The first introduction to psychology usually comes in the kind of biology classes. Many biology students already come into class with at least basic understanding of psychology. They understand that their genes determine how their bodies work, how they function and, to a certain extent, how they act or what illnesses they may develop. But very few of these students have an understandable understanding of what exactly DNA is, where it is found in the body, why it causes problems, and how it can be manipulated or changed.
In the case of evolution, the genes passed from one generation to the next only have to survive. Genes are nothing more than instructions for doing things. Humans, as all living things, are programmed through thousands of years of natural selection to participate in behavior that’s survival oriented. The foundation for this programming is the expression of certain genes that cause specific traits, such as aggressiveness, violence or sexuality. In the case of psychology, the genes that are passed on to us through our parents, siblings, or other kin will determine such behavior.
In terms of understanding what is going on genetically, we’re still in the age of molecular biology. Within this framework, genes are just packets of information carrying directions. This is the way humans, plants and animals have been evolving for centuries. However, in the past 50 years or so, a revolution in the field of psychology has occurred known as molecular biology or genomics. Genomics provides a new lens through which we could see the relationships between behaviour and genes.
The molecular basis for human and behaviors memory is in fact quite simple – it’s all about the epigenome. The Epigenome is a mobile memory storage which determines whether or not a behavior will be expressed or not. Like all memory storage systems, it contains information that is “programmed” in advance by the genome.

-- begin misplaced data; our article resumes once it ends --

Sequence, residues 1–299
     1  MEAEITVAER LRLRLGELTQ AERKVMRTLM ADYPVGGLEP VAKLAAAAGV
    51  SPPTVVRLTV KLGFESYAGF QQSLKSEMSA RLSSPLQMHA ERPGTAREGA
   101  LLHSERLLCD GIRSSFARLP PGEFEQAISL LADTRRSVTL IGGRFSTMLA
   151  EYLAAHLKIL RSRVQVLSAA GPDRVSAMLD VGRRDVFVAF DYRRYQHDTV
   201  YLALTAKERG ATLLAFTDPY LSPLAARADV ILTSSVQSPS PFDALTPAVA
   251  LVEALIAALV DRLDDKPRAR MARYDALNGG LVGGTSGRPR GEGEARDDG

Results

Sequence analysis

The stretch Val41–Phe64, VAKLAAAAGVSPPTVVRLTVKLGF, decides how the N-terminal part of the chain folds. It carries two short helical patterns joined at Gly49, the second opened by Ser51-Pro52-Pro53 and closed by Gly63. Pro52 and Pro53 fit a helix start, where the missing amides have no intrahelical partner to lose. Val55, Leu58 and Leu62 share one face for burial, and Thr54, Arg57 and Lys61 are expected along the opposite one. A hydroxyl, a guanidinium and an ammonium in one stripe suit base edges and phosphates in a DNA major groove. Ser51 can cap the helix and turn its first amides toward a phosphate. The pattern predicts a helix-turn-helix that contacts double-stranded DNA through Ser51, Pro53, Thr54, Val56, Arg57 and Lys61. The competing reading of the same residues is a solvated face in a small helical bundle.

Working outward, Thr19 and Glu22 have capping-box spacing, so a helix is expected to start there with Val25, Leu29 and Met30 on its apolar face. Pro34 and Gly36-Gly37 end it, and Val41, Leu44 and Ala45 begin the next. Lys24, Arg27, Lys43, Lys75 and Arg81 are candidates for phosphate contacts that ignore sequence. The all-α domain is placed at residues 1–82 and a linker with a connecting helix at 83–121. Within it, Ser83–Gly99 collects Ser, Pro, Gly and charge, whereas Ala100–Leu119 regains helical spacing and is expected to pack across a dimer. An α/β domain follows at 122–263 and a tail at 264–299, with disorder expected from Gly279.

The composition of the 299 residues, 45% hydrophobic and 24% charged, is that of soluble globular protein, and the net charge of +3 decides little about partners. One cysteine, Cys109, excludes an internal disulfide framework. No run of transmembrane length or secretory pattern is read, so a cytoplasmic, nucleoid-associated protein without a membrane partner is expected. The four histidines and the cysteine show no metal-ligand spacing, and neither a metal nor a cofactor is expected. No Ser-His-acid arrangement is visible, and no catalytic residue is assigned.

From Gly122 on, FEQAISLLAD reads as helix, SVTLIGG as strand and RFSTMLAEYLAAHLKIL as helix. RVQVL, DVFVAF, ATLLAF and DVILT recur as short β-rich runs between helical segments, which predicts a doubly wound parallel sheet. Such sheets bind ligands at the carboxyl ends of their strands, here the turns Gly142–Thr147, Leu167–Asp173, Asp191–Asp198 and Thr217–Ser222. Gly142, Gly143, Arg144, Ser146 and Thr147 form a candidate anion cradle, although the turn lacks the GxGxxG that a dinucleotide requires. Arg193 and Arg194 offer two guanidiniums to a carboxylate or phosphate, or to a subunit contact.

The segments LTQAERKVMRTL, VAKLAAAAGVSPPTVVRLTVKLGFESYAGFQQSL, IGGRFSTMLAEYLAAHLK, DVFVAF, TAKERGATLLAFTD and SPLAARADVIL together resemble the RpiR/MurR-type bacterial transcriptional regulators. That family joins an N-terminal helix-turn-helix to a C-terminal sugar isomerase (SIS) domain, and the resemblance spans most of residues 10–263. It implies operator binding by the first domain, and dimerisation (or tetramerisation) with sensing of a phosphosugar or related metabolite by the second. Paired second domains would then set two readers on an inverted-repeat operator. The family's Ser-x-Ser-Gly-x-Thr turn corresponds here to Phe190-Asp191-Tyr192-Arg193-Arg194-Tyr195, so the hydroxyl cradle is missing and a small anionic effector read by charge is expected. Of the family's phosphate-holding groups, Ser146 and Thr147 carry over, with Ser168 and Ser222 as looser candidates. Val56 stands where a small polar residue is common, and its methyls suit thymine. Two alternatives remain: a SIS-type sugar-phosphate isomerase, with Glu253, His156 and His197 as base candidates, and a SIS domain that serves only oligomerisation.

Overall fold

What we now know is that the genetic material that determines behaviour exists in all of us, but in varying quantities. Most of the variations come from the variation in the copies of genes inside the cellular memory storage of the individual. The copy of the gene that determines the behaviour is known as the epigome. It’s this specific copy that we call the epigenome.
The importance of the epigenome in psychology and its relationship to individual differences was revealed in a landmark study on twins. For many years, autism research was based upon research on twins. However, it was found that there was substantial heritability (hitability) to behavior which existed between people who had identical twins but whose traits were very different. This study provided the first evidence of the significance of the epigenome in human behaviour and its connection to abnormal behavioral disorders such as autism.
Even though the significance of the Epigenome in psychology has been established, many in the psychological area are hesitant to accept its potential as a significant element in mental illness. 1 reason for this is it is difficult to define a real genetic sequence or locus that leads to a behavioral disorder. Another issue is that there are simply too many genetic differences between people to use a single DNA sequence to determine mental illness. Finally, although the study on the Epigenome has been promising, more work has to be done to determine the role that genetics play in complex diseases like schizophrenia. If this finding holds true, it may be utilised as a basis for studying other complicated diseases that have complicated genetic elements.
If you’re interested in learning more about Epigenetics and how it applies to psychology, I highly recommend that you follow the links below. My site discusses the exciting new technologies that are available today to better understand how Epigenetics affects behavior and the susceptibility to disease. You can even hear me speak on my epigenetics and autism blog. My research into Epigenetics is focused on understanding the environmental causes of disease, but I have also been involved in analyzing the relationship between Epigenetics and Autism. My future posts will also discuss diseases of the brain which can be impacted by Epigenetics.